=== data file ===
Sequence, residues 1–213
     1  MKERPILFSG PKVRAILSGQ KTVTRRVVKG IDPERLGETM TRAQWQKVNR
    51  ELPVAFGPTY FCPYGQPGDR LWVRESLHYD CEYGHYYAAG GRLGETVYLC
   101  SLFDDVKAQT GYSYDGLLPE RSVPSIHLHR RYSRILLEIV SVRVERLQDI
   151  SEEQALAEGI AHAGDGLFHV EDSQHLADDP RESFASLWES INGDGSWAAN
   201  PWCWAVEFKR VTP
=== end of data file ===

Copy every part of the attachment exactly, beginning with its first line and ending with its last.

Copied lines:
Sequence, residues 1–213
     1  MKERPILFSG PKVRAILSGQ KTVTRRVVKG IDPERLGETM TRAQWQKVNR
    51  ELPVAFGPTY FCPYGQPGDR LWVRESLHYD CEYGHYYAAG GRLGETVYLC
   101  SLFDDVKAQT GYSYDGLLPE RSVPSIHLHR RYSRILLEIV SVRVERLQDI
   151  SEEQALAEGI AHAGDGLFHV EDSQHLADDP RESFASLWES INGDGSWAAN
   201  PWCWAVEFKR VTP